#DearDad, With Gratitude

Did you see Brian Klem’s blog last week? He was running a contest to promote his book, Oh Boy, You’re Having a Girl. (See his original blog plus the contest winner announced. ) I enjoyed the tweets all week regarding this contest.

Brian’s humor about raising (worrying about) daughters got me thinking about my own father. I have four sisters. Yes, dear ol’ dad raised FIVE girls — and survived the experience. Today is his 60th Father’s Day celebration!

I thought it would be fun to tweet my gratitude for my father – and other fathers of daughters out there in the Twitterverse. Feel free to join me! Here are few:

#DearDad you raised FIVE daughters and still have a full head of (white) hair

#DearDad you raised FIVE daughters who all dated guys with motorcycles

#DearDad thanks for holding the car door for Mom AND me cuz I expected that from dates

Now, my dad is also a Korean vet, though I don’t know whether that experience had anything to do with building his fortitude toward raising daughters. Maybe it did help for dealing with the boys in his daughters’ lives, however? Anyway, I thought it time to see our lives from Dad’s perspective. Brian helped me do that. So, take heart all the dads out there with daughters. We turn out just fine. I’d love to hear your tributes to Dad today. Reply below or Tweet using hashtag #DearDad.

And to all the dads out there, Happy Father’s Day!

Seasons of Life — and Writing

I’m celebrating a milestone birthday as I round another decade’s corner. Though my friends will joke about my age, I don’t feel all that old. No need for black balloons and crying that I’ve topped the middle-aged hill; I actually feel like celebrating! I’m excited by the possibilities. Each decade in our lives is like embarking on a new season. Some have more meaning and significance than others, but all are milestones.

When I reflect on my life I can mark those milestones by the seasons in my development as a writer, too. My early writing years felt as if I were in a holding pattern. I lived to “write someday.” Eventually (thankfully) I moved into a season of writing and reading excessively and taking as many classes and workshops as possible. Next I simply wrote and submitted like mad and, once I’d garnered a dozen writing credits, I began my “reading-study” season again. I read about craft and studied how the pros accomplished their craft. I dissected published stories and articles to learn how the pieces fit together.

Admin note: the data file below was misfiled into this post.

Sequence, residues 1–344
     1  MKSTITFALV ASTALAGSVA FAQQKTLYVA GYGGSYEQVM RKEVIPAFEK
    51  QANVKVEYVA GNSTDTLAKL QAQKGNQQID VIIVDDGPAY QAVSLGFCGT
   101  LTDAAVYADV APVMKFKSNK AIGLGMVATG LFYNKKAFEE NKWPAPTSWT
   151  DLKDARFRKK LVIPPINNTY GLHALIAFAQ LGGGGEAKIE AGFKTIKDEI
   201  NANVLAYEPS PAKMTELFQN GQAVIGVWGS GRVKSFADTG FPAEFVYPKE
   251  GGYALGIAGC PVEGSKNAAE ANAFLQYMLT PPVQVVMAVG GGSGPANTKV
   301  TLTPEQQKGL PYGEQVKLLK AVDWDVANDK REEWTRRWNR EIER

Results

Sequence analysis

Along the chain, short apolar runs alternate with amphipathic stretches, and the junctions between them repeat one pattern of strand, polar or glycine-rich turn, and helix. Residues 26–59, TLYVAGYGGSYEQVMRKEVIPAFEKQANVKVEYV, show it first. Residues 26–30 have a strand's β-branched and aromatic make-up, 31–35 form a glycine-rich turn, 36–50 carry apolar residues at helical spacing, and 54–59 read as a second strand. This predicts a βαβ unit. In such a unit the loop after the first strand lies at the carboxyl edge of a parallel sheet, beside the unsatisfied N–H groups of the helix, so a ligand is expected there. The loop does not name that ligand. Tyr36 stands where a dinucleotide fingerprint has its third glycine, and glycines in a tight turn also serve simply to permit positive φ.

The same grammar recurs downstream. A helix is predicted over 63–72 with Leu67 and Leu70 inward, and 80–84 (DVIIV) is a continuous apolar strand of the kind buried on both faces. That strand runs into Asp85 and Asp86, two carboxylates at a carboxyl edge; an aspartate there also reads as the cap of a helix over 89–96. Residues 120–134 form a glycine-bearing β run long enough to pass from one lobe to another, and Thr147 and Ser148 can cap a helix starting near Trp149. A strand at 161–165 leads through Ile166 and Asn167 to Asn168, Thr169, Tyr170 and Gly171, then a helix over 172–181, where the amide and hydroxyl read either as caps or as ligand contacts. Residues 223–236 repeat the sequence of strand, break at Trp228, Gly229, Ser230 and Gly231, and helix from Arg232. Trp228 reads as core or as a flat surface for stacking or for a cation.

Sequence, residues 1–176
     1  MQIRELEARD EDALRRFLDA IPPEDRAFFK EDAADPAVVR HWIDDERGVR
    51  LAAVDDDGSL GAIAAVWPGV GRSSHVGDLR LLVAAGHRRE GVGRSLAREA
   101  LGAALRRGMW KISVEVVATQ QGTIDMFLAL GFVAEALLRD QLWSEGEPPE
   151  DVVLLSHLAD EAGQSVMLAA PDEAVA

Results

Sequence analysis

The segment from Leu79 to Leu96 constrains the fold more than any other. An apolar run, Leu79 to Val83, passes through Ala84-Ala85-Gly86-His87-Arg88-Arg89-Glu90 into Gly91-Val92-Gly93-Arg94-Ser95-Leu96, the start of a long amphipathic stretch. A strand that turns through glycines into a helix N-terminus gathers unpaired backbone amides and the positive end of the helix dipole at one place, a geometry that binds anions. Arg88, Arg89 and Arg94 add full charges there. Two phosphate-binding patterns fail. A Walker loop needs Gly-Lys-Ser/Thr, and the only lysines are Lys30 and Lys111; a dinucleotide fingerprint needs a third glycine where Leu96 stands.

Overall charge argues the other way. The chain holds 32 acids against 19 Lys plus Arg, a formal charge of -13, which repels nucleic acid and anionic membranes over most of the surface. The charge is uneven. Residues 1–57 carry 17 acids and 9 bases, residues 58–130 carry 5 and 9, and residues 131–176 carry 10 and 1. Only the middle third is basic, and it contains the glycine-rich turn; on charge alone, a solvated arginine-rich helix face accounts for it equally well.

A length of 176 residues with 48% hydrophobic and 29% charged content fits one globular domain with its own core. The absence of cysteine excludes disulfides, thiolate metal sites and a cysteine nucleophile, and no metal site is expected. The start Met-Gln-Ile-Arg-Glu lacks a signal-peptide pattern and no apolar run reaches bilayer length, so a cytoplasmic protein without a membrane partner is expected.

Finally, I began teaching. I realized that when I explained what I had learned about craft, it validated for me all I knew and had acquired about this writing business. That gave me confidence. It also forced me to look at my writing from a different angle, especially when students asked questions and I had to figure out how to express the answer. I believe it was during this season in my writing that my talent/craft soared. Things clicked and flower buds of productivity burst into bloom. This was also the season that I most enjoyed my writing because the work of it no longer took so much effort but instead brought joy – it felt free and easy.

Eventually I entered a reflective season. I closed myself off from the demands of sharing what I had learned and focused instead on doing, on producing. I was incredibly productive during this season, but I also felt the loneliness I had often heard other writers expressing (but had not understood as I do now). That loneliness drove me to seek something in my career and I ended up looking within, reflecting on life and craft and career. My writing deepened like the shades of green during Michigan summers and Florida winters. During this time my fiction improved because personal reflection helped me develop more rounded characters as well as the twists and turns that create engaging plot lines.